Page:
Kinky's Mexican Riptide

A near-death experience convinced Freidman that 'I have to do more with my life'

Born in Chicago on Halloween in 1944, Kinky Friedman came to Texas a year later with his parents, both educators. In 1953, they opened the Echo Hill Ranch summer camp, which continues to operate on the family's 400-acre spread in Medina, where Friedman still lives, sharing with 60 dogs that call Utopia Rescue Ranch home. He graduated from UT (with honors) in 1966 and did a Peace Corps tour in Borneo before returning to the U.S. Since then, Friedman has achieved a fair amount of success as well as notoriety, first as the lead singer and songwriter for the Jewboys, and later as a writer of novels and essays.

Aside from a 1986 foray into Kerrville politics, when he ran as a Republican candidate for justice-of-the-peace, previously Friedman has only danced on the edge of political life. He did this often in ironic and sometimes edgy Jewboy ditties such as "Ride 'Em Jewboy," a ballad about the holocaust, and in "Get Your Biscuits in the Oven and Your Buns in the Bed," a lament over women's liberation from the point-of-view of a chauvinistic boyfriend (a tune that, in a double-dose of irony, earned Friedman the National Organization for Women's 1974 "Male Chauvinist Pig of the Year" award); more recently he's addressed social and political questions in his writing, as in a March 2004, Texas Monthly piece about the state's paper-thin case against Texas death row inmate Max Soffar. (Soffar's conviction was overturned on April 21, 2004. At press time, he's being retried in a Harris Co. court.)

It took a Mexican riptide and an Irish heckler to convince Friedman to make a direct jump onto the political stage. The transformation began five years ago, he says, during a vacation in Mexico with his friend, hair product mogul John McCall, now his campaign treasurer. Friedman was alone, taking a walk on the beach when a "freak riptide" engulfed him, tossed him around, and spit him out, forcing him to scramble up a cliff to safety. "I was lost [and] dehydrated," he recalls. "While I was on the cliff-side, I was prepared to die. I thought, I have to do more with my life," he recalls. It wasn't about near-death deal-making with the Almighty, he insists, but a realization that "I am not really a musician or an author; they're really both extensions of my personality, somebody who wants to be a truth-teller."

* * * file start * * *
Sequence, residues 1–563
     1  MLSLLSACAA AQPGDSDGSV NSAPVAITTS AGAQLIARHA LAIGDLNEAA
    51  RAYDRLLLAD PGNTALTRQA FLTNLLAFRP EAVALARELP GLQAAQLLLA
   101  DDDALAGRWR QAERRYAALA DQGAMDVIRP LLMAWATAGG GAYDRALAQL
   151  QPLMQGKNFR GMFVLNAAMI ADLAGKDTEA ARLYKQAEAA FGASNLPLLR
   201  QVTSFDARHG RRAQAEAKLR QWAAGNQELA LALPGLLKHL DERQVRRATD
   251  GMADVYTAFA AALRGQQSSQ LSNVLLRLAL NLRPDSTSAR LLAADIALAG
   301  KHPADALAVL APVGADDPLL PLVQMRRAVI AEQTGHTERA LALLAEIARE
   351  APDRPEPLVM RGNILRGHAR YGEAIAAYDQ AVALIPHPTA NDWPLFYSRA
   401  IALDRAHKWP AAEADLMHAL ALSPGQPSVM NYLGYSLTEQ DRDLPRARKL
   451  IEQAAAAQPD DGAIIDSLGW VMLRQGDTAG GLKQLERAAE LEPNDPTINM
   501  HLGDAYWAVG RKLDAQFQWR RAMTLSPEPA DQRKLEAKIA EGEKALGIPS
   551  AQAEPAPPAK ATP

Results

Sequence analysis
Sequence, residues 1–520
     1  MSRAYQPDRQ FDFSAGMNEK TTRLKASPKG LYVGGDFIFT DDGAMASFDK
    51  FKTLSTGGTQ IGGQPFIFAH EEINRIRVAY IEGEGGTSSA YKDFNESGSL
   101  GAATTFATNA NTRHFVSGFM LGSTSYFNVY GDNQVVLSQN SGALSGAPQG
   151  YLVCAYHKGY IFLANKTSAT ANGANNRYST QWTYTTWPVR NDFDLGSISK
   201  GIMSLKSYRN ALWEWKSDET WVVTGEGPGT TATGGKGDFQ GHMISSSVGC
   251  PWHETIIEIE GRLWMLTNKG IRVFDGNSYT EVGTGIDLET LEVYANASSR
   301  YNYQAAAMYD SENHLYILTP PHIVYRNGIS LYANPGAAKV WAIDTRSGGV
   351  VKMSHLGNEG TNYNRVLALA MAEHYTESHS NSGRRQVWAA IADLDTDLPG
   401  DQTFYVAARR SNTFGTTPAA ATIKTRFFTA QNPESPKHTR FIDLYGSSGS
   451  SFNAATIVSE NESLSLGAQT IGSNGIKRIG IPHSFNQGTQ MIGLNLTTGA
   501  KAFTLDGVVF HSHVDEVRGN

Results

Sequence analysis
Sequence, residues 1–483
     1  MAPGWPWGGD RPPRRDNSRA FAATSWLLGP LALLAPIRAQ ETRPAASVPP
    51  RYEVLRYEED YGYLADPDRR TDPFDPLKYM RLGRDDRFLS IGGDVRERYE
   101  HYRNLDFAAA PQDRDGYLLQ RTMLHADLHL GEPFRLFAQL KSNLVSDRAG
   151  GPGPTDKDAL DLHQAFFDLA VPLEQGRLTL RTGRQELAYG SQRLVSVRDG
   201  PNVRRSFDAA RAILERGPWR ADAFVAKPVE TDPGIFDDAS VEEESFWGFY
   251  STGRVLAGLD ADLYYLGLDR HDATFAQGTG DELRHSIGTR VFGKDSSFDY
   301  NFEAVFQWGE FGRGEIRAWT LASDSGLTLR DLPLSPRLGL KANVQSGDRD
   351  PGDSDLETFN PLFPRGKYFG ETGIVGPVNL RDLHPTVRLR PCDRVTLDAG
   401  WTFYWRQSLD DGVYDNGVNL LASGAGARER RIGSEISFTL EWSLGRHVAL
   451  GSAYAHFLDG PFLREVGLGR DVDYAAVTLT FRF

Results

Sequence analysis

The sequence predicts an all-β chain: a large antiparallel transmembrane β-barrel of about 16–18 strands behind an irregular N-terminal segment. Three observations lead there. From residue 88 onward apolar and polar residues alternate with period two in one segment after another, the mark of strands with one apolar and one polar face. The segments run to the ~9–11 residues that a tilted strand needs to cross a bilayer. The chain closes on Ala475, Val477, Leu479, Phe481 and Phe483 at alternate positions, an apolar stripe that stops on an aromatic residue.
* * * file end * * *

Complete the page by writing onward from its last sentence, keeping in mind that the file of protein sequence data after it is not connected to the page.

About a year later, at a Jewboys gig in Northern Ireland, he was approached by a man who'd just seen the show. "'The patter between songs is much better than your music,'" Friedman recalls the man saying. "'Kinky,' he said, 'you're not really a musician, you're a politician.'" The observation didn't exactly charm Friedman. "My heroes are not [U.S. Rep.] Tom DeLay or [former California Gov.] Gray Davis," Friedman says. "They're Will Rogers and Mark Twain; they were humorists, not clowns."

Still, the man got him thinking about his Mexican cliff-side epiphany, and about Texas, his home. He began to look at things differently, and he didn't like what he saw: the state's public education system a mess, with teachers merely "teaching to a test" and not free to truly educate; the state's capital punishment machine churning forward, while serious questions of innocence (as in Soffar's case) seem to go unanswered; the border with Mexico a sieve, and people "dying in the backs of trucks." And no one – least of all the Republicans, led by Rick Perry, who had effectively swallowed state government whole – appeared to be doing anything at all to turn things around. "People are tired of these two parties … [of politicians that] never get off their asses except to attack someone," Friedman says. What the people need, he says, is what he has to offer: "A little bit of honesty; that's what people are dying for." It all made sense, he says: he would run for governor. "All the stars are in a line, boy; it's time."

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